Groundwater moving through the Edwards limestone slowly dissolves openings in the rock. Some of these openings become caves large enough for human explorations.

Deposition of calcite flowstone

Deposition of calcite flowstone is commonly found in area caves and can take many terms and colors, all with unique characteristics and appeal.

If you could peel away the tops of the hills in the Barton Creek recharge zone like the skin of an orange, you would find quite a few holes. The limestone beds that comprise the Edwards Aquifer are full of cavities carved over millions of years by underground rivers and streams.

Many of the cavities are filled with water. Some of the cavities act as conduits, or tunnels, and feed water to Barton Springs.

But other cavities are relatively dry. They form a network of caves – at least 24 in all – that underlie the Barton Creek watershed. Some of the caves are remnants of ancient conduits, while others were gouged from the sheer cliffs by creeks.

Most of the caves are less than 400 feet long – about the length of a football field, measured from end-line to end-line. But the largest, named Airman’s Cave, is at least 12,000 feet long, making it the eighth longest known cave in Texas.

The caves of Barton Creek are home to many fascinating creatures that have adapted to life in the subterranean world. Airman’s Cave, for example, houses a new species of harvestmen (a relative of the spider) much like the Bee Creek Cave harvestman, which is on the federal endangered species list. Cave X, another major cave in the basin, contains a rare species of blind cave millipede.

Scientists have recently recognized that dozens of rare species of cave animals live in different geological zones near Austin. Barton Creek appears to be a barrier between zones. Many of the rare species found in these caves evolved over hundreds of thousands or millions of years in isolated cave “islands.”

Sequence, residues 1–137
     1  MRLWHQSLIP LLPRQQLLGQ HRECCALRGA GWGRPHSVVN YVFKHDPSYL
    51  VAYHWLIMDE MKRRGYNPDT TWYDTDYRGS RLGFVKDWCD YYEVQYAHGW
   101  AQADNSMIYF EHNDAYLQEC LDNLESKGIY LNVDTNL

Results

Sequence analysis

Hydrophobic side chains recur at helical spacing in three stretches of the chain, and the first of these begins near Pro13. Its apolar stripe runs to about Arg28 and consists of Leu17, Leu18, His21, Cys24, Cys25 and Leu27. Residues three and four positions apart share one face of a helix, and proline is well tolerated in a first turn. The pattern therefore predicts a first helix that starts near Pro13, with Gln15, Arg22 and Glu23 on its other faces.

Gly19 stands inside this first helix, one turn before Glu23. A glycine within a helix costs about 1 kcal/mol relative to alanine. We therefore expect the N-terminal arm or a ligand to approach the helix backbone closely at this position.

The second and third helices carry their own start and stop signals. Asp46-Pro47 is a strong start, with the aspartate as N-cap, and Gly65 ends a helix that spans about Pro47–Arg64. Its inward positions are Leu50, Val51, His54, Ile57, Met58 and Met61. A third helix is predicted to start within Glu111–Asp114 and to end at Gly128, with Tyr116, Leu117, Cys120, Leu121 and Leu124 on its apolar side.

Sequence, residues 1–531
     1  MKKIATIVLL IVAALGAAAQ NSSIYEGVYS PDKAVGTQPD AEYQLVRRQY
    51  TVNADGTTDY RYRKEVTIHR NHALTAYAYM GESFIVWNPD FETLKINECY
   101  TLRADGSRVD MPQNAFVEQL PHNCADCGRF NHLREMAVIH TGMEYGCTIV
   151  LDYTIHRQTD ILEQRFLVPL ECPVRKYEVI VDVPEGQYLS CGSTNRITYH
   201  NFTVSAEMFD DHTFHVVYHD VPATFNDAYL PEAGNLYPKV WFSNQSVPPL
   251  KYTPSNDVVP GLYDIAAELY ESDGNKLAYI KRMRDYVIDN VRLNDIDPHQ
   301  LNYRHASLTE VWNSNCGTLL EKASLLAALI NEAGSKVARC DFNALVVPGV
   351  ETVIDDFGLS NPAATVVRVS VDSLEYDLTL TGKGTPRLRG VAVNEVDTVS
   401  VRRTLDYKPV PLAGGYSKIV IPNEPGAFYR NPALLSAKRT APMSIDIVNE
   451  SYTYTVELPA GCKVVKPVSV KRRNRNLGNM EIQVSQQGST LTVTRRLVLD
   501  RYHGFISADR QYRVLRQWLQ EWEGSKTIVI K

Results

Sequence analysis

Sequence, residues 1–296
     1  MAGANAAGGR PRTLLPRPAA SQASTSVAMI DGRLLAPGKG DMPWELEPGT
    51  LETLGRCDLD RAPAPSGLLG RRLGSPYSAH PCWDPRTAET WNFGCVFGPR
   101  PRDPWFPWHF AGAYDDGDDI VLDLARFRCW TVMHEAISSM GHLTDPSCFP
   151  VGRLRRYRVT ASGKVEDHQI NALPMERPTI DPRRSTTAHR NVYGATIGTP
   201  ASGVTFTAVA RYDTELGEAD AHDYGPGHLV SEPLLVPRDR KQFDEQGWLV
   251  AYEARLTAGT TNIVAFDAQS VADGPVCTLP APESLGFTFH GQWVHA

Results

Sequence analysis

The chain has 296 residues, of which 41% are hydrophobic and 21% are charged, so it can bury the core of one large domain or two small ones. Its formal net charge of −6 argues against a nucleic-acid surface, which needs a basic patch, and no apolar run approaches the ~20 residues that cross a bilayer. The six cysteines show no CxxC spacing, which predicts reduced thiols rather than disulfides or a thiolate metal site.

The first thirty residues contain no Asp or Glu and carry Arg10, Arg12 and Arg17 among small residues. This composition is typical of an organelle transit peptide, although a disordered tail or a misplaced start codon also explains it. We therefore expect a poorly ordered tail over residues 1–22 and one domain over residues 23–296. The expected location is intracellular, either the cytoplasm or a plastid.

We are still learning to understand these cave ecosystems. One thing is certain though: each depends for survival on unpolluted water from the surface.


Blind cave harvestman

The blind cave harvestman is a rare species discovered in recent years. Harvestmen are arachnids but differ from spiders because they lack poison glands and a waist between the front of the body and the abdomen.


Millipedes have a formidable appearance, but are actually harmless. They lack poison glands and generally feed on fungus. Travis County contains six endangered cave species plus 26 other rare cave species that are highly adapted to their environment.

Stalactites and Stalagmites

Slowly dripping water sometimes deposits minute amounts of calcite on cave ceilings and floors. Slender, pointed stalactites hang “tite” to the ceiling, while stalagmites “mite” reach the ceiling someday.

Water dripping from stalactite

A single drop of water is not significant by itself. However, without it and the drops that follow, there wouldn’t be any caves, cave formations, aquifer or springs.